The works stand as objects of quiet beauty: begun with white yarns of wool, silk, linen and other fibers, Rohde adds his own dyes to achieve a range colors and contrast not available in commercially dyed materials. Like a painter, he mixes colors to create something new.
Recently his work has been included in the United States Department of State Art in Embassies Program, an exhibit at the American Craft Museum in New York, the invitational Triennial of Tapestry in Lodz, Poland, from Lausanne to Beijing, Houses for Nomads (a solo exhibit at the Janina Monkute-Marks Museum in Lithuania), a current exhibition at the Mingei International Museum in Balboa Park in San Diego and the permanent collection at The Arts Institute of Chicago.
Uranus conveys the wonder of space through the recurrence of universal forms and the use of black yarns. The design was inspired by a NASA photograph of the planet Uranus taken by Voyager 2 as well as the watercolor of the Black Widow Iris completed by Meria Sybylla Merian in 1700.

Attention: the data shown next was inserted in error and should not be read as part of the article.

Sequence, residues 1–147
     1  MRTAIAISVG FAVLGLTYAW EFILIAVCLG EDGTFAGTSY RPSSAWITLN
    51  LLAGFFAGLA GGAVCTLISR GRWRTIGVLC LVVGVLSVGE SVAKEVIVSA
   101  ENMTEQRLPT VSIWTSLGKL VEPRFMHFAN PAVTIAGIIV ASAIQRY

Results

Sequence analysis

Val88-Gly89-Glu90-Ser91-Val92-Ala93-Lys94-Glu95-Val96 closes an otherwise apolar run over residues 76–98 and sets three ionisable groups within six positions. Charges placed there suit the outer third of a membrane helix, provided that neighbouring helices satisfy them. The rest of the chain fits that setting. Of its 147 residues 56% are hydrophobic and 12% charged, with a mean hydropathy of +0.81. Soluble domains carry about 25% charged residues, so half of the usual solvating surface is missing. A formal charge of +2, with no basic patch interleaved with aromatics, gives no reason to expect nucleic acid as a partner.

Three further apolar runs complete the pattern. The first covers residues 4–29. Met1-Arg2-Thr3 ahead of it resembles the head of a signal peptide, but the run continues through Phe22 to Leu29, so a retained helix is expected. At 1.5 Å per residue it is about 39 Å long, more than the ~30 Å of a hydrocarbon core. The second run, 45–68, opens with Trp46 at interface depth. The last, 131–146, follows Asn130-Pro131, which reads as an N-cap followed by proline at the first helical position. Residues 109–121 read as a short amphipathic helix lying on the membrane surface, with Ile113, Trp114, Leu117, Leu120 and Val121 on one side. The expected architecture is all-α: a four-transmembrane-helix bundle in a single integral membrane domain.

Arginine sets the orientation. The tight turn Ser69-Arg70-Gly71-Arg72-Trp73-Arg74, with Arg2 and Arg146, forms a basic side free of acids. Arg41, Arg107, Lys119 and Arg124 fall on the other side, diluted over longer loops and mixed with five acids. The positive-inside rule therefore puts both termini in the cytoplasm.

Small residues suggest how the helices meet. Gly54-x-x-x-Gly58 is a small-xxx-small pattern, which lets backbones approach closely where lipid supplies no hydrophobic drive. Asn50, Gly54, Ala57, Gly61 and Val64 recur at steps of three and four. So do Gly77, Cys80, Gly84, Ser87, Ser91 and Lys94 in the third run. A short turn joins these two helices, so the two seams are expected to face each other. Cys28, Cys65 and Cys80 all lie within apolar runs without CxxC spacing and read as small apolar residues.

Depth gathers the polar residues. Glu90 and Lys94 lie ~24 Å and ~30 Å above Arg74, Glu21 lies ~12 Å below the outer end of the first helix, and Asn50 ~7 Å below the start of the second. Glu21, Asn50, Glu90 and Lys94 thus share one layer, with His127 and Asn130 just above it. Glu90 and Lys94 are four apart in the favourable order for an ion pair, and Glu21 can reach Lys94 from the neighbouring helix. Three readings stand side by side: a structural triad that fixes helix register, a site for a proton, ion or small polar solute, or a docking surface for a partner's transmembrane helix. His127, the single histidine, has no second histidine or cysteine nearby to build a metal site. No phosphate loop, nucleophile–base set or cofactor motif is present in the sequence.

Nicki has woven the space around Uranus with a variety of different textured and iridescent black yarns. The yarns were chosen for their absence of color - for their 'darkness' or ‘blackness’. Black yarns which pushed to purple, red or green were avoided. The resulting yarns vary by content, texture and sheen. The piece drapes and undulates through the use of these yarns echoing the darkness and the mysteries of space.
Piecing Together the Pieces
The artist felt the stone in the center resembled a tiny patchwork quilt, hence the title. The other materials used include Guatemalan pine needles from the artist’s yard and Irish waxed linen thread. The basketry technique is coiling.